I have no idea how my fly fishing life would look today without the discovery of the Rackelhanen. I can confirm that the success of this creation gave me enormous self-confidence in making own patterns and stimulated me to start a complete new way of fly-tying. Big flies seemed the secret to catch the bigger fish and that’s why my Scandinavian patters increased in size. With my own variations of the Rackelhanen began my fly fishing obsession and started my fly tying development. For me, the Rackelhanen is a lot more than just an ordinary fly. Not because of my personal grayling record but it finally leads me to the development of patterns like the Poly Sedge and Klinkhamer Special. For me, the 1980 fishing season was one of the most educational and ended after 4 weeks of intensively fishing as far upstream as the famous rapids named Isterfossen (Norway). It is close to Lake Femund with the best result a wonderful 51cm grayling. Until then it was my biggest grayling ever and from that moment I knew my destination for the following years.


  When I returned to the Femund area I changed my fishing strategy too. This time I choose one location for my base camp. I camp out at Johnsgård a nice camping place located directly at Lake Langsjöen from which I could cover many new fishing areas. In all the years we stayed at this place I started to recognise some of the best grayling waters in central Scandinavia. The four months of completely wilderness experience that I build up in northern Finland was a great help in my research and exploring. Rivers like the Sölna, Sömåa, Hola, Röa, Mugga, Femunsdelva and Glöta must be "The Garden of Eden" for every grayling angler and Lakes like Femund, Sölensjöen, Aresjöen, Isteren, and Feragen where just a few of many new discovered paradises to me.

  Most waters are located between 600 and 1000 meters above sea level and the weather conditions are tough with an extremely high population of wild and hungry mosquitos. You have to learn to deal with them first and I guess some people never will or can. This area is what I believe the grayling like the most. It is a short fishing season but very productive. The lakes give the grayling very good surviving possibilities during the strong winters and the will have an excellent food supply too. The insect life is abundant with superb caddis hatches and many species of upwing flies.

Fishing in Norway, by Hans van Klinken

  Most of the streams in the area are very similar and they have a large variety in size and dept. Sometimes you can walk across easily but at other places you only can swim to get on the other side. To reach the best places you need a long walk or canoe. The Sömåa River is relative short comparing to the others but it is a wonderful stream with loads of deep holding pools. Most of the pools and ponds are well feed by nice rapids and have a beautiful flow out. Perfect conditions for dry fly fishing. The Sömåa flows between the lakes Langsjöen and Isteren and access to the river is easy because it runs parallel with road nr 26. That makes the grayling population in this river very vulnerable for fishing pressure. The River Hola connects the lakes Langsjöen and Storsjöen. The latter is the largest from several lakes that we known better as the lakes of Hodalen.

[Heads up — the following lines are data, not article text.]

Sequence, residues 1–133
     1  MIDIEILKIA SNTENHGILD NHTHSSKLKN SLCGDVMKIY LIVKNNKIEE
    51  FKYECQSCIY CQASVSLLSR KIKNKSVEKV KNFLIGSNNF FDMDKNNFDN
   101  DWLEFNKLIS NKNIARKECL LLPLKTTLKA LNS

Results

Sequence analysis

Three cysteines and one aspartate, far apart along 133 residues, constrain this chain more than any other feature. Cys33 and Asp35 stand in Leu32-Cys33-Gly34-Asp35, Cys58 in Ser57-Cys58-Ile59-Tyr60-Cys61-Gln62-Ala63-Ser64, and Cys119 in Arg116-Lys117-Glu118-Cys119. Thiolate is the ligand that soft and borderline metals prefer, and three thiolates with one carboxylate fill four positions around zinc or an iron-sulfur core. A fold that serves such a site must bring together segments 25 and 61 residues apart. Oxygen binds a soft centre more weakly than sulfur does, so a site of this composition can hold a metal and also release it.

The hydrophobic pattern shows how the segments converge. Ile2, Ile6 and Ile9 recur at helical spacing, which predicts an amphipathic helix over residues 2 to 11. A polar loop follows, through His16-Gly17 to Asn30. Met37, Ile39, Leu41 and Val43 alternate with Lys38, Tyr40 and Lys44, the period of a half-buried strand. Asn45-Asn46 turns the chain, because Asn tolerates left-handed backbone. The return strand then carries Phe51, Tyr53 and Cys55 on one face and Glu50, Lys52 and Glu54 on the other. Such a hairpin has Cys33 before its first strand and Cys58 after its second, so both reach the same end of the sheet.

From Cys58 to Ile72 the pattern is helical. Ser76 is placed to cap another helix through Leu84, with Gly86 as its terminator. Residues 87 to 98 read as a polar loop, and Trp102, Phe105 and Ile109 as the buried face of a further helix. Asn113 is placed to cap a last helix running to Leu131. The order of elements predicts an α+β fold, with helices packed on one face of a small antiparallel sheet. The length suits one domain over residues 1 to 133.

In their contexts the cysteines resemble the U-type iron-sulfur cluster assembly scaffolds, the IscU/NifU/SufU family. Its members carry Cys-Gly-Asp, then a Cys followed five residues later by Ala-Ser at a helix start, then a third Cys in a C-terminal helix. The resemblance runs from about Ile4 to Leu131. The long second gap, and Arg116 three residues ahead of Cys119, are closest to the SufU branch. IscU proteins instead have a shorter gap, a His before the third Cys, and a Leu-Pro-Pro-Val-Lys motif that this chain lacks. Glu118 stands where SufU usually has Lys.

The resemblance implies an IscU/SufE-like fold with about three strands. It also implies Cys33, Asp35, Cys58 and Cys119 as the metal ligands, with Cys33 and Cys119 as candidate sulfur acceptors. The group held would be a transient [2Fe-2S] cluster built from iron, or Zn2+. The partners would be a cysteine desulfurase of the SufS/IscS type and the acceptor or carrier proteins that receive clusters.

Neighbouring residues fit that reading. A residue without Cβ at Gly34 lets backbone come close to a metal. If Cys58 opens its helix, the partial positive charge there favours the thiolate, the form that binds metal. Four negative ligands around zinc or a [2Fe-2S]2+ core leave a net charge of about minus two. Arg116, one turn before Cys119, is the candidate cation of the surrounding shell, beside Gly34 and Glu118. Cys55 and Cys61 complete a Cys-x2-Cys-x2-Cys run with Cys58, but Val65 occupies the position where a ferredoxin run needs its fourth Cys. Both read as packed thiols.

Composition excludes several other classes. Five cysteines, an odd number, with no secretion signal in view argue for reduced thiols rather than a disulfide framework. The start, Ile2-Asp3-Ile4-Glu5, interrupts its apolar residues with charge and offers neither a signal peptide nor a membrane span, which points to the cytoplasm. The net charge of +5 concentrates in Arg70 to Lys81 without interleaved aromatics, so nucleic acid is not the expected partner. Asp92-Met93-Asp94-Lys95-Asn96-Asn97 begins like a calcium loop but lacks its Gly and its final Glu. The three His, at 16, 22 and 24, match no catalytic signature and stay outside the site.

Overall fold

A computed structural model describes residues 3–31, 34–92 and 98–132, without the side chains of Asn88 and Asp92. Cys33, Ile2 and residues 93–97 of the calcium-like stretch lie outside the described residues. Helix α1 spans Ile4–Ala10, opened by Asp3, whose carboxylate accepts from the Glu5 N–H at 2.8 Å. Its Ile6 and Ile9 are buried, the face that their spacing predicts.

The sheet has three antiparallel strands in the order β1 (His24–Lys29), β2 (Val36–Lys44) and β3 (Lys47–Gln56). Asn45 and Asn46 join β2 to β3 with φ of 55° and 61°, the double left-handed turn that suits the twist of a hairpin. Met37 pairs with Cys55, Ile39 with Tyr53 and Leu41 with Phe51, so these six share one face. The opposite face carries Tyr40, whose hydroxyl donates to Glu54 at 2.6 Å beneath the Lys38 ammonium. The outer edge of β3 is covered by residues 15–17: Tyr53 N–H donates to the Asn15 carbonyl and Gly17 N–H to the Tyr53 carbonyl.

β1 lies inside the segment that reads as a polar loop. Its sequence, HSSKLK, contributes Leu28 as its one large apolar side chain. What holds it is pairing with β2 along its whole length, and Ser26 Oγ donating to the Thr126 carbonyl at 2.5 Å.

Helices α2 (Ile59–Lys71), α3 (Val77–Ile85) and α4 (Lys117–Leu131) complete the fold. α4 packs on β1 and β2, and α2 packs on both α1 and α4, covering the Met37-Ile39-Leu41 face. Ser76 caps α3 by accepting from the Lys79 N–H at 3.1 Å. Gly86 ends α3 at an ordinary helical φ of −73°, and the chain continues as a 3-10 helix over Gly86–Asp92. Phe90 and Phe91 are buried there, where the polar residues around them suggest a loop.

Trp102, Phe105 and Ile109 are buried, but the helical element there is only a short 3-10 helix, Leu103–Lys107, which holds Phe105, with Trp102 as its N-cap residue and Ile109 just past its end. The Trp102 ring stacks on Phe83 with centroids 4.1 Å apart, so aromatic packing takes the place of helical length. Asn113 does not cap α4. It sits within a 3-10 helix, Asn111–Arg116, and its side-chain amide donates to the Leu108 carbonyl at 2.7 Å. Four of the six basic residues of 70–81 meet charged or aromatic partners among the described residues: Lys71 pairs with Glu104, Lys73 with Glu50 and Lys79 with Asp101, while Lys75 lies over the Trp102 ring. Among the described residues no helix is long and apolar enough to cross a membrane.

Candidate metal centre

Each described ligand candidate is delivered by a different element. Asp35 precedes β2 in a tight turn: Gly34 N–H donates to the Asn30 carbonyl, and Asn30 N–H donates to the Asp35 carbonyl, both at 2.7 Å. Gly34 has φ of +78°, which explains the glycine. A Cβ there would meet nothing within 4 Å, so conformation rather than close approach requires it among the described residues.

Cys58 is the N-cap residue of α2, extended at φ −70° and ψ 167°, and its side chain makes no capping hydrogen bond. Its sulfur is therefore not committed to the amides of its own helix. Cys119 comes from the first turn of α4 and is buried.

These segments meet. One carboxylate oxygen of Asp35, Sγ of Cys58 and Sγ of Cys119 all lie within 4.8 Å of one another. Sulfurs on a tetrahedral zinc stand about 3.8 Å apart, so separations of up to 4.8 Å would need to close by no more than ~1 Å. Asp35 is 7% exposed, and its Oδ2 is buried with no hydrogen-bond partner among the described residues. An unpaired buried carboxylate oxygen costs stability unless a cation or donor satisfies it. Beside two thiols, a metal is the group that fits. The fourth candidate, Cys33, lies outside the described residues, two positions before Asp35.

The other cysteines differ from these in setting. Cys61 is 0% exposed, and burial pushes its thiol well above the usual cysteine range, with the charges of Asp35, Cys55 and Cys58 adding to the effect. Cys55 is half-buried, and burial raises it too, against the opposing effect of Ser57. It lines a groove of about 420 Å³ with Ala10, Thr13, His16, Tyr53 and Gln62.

During the years the Lakes of Hodalen became one of my most favourite lake fishing spots for grayling in Europe. It is a very tough and rough area with strong windy conditions but take my advice and fish it at sunny and windless days because only then you are able to locate the fish. There are some nice bonuses to because my biggest perch on fly I caught here while grayling fishing.

  The lower part of the Sölna River took me long time to explore but the reward was unbelievable when I finally found five extremely good hot spots. I still remember well how much effort it took me before I could wet my flies. I had to swim across the Femundselva and a trip like this would be stupid to repeat in these days. It was one of my most wonderful experiences from the past. The best way is to fish from the lake downstream by canoe. Unfortunately there is a road now going from Galtseter to the East Side of the Sölna and Lake Sölesjöen what surely must have increased the present fishing pressure.

  The rivers Mugga and Röa are located in Femundsmarka National Park north east of Lake Femund. During my first visits to the Röa I let me dropped off at the mouth by boat from Sorvika and once I rent a canoe and paddled myself all the way up the mouth of the river. The Mugga I fully explored by foot started from the place called Langen with some excellent fishing on the way up at the crossing places in the outlet from Lake Langtjönn. Both rivers are exclusive wilderness fishing and the only way to be successful is to camp out and work you way upstream. At this unique and quiet places I always met one or two "crazy" fishermen and a good chat on the way is essential to improve your successes.

  When you follow all lakes and rivers you will notice that most of them belong to the same watercourse of the mighty Trysileva. Even Lake Femund and Isteren are connected by the Glöta River so it is a huge river system and it still has their natural course from which the largest part isw totally unaffected by humans. With all the space and perfect living conditions this water produces grayling that grown quickly and fights very well. That’s another reason for my returning year after year. Unfortunately the excellent fishing in the Sömåa decreased enormously during the eighties due retains large catches by too many of the visitors. Today there is New Hope again and catches of larger fish are improved. A few 50 plus fish were caught in 1998 and released so that they hopefully can reach the magic size in the year 2000 again!


  For the Glomma my exploring was not much different but I follow my way upstream more quickly because of more fishing pressure and men made regulations. I just past all the areas where embankment changed the natural watercourse and dept. In the early eighties the River Rena produced an excellent fishing but declined and got better again since the nineties. I don’t know the reason. It is one of the most favourite tributaries by the Danes today. I stayed quiet a long time in the Koppang area to explore and discover superb fishing in all the channels the river produced. Sometimes it was a real challenge to find or even reach the main river. I often hooked huge pike that took my playing fish.